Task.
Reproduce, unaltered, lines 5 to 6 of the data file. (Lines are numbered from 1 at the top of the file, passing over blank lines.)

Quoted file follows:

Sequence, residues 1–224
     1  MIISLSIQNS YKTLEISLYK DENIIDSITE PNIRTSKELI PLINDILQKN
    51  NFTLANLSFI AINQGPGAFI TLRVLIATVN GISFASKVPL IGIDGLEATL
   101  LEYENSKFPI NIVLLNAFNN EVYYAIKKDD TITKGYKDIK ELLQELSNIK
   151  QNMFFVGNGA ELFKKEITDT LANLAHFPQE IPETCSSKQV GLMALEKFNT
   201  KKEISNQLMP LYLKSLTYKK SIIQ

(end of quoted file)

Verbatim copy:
   151  QNMFFVGNGA ELFKKEITDT LANLAHFPQE IPETCSSKQV GLMALEKFNT
   201  KKEISNQLMP LYLKSLTYKK SIIQ